Approximately 30% of human non-small cell lung cancer (NSCLC) patients harbor a somatic KRAS mutation resulting, in aberrant activation of downstream signaling pathways that control cell proliferation, cell growth, and cell survival. Importantly, alleles of LKB1, a serine/threonine kinase that functions as a tumor suppressor, are somatically inactivated in ~30% of NSCLCs within KRAS-mutant NSCLC. The loss of LKB1 gives rise to aggressive, highly metastatic, and highly drug resistant tumors. We have previously demonstrated that the inactivation of the tumor suppressor lkb1 rendered mutant kras murine NSCLC resistant to targeted agents including BET bromodomain and kinase inhibitors. However, the mechanism by which LKB1 inactivation attenuates the efficacy of the therapies remains elusive. Consequently, investigation of the molecular-basis of drug resistance to formulate effective therapies for this KRAS-mutated and LKB1-inactivated (KRAS/LKB1) subset of patients is warranted. Using lung adenocarcinoma cells that lack LKB1 expression, we have established isogenic cells that express vector control, wild-type LKB1, or kinase-dead LKB1. Our preliminary data using these isogenic cell lines suggest the previously unrealized function of LKB1 to activate HSP90 to stabilize client signaling proteins. Furthermore, we have performed p23 immunoprecipitation (IP) followed by Western blot for HSP90 to assess the HSP90 ATPase activity. In the cells ectopically expressing wild-type LKB1, p23 co-immunoprecipitated with HSP90 showing that HSP90 is in active conformation. In contrast, few HSP90 co-immunoprecipitated with p23 in the cells that express the kinase-dead version of LKB1 or vector control, demonstrating that little HSP90 is in active conformation without LKB1 kinase activity. Using NetworKIN, a web-based bioinformatic analysis, we find putative LKB1 phosphorylation motifs on HSP90. These results suggest that LKB1 phosphorylates and activates HSP90. Consequently, the inactivation of LKB1 contributes to the destabilization of key HSP90 client signaling proteins and inadvertently promotes compensatory mechanisms to stabilize the select signaling molecules. Using our LKB1-isogenic cell lines, we demonstrated that LKB1 activates HSP90 to stabilize RAF1, resulting in MAPK pathway activation. In contrast, LKB1 inactivation led to reduced HSP90 activity, which reduced MAPK activity and elevated IGF-1R-mediated phosphatidylinositol 3-kinase (PI3-K) activity in vivo and in vitro models of mutant KRAS NSCLC. The aberrant activation of PI3-K pathway augments survival by the stabilization of the anti-apoptotic molecule, MCL1. The use of HSP90 inhibitors does not fully inhibit MAPK or PI3-K pathways due to the compensatory mechanisms chaperoning the IGF-1R axis. Importantly, we confirmed that canonical LKB1-AMPK-mTOR pathway does not fully control PI3K or MAPK signaling. Taken together, our data supports the presence of an HSP90-independent mechanism to stabilize kinases, including IGF-1R, to make KRAS/LKB1 NSCLC resistant to targeted therapies.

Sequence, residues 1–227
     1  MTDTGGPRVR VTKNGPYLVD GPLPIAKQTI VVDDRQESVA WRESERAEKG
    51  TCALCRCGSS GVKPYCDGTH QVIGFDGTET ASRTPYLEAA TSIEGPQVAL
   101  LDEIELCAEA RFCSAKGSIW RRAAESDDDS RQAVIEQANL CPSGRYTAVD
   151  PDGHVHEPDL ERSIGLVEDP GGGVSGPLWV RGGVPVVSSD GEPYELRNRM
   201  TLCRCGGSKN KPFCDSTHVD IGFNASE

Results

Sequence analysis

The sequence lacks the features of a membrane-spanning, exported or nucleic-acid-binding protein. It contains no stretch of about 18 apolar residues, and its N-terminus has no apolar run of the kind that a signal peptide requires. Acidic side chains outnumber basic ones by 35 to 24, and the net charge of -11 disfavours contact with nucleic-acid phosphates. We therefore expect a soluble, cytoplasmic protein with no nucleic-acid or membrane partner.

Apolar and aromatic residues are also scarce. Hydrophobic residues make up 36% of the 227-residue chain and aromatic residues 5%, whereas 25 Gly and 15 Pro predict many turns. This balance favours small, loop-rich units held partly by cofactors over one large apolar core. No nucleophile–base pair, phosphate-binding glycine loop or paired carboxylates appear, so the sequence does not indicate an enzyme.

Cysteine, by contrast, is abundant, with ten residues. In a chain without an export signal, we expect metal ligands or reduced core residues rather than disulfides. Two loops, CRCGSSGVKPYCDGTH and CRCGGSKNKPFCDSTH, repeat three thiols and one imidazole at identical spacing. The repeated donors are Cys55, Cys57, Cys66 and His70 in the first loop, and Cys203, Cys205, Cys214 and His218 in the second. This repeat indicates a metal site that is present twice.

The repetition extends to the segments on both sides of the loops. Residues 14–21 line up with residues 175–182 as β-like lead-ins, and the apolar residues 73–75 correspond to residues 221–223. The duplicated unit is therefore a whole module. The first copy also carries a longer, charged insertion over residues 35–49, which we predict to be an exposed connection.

Citation Format: Jeffrey H. Becker, Michael P. Kahle, Margaret Soucheray, Ines Pulido, Fatima Al-Shahrour, Manuel Sanchez del Pino, Kwok-Kin Wong, Julian Carretero, Takeshi Shimamura. A new role for LKB1 to regulate Heat Shock Protein 90 activity [abstract]. In: Proceedings of the American Association for Cancer Research Annual Meeting 2018; 2018 Apr 14-18; Chicago, IL. Philadelphia (PA): AACR; Cancer Res 2018;78(13 Suppl):Abstract nr LB-085.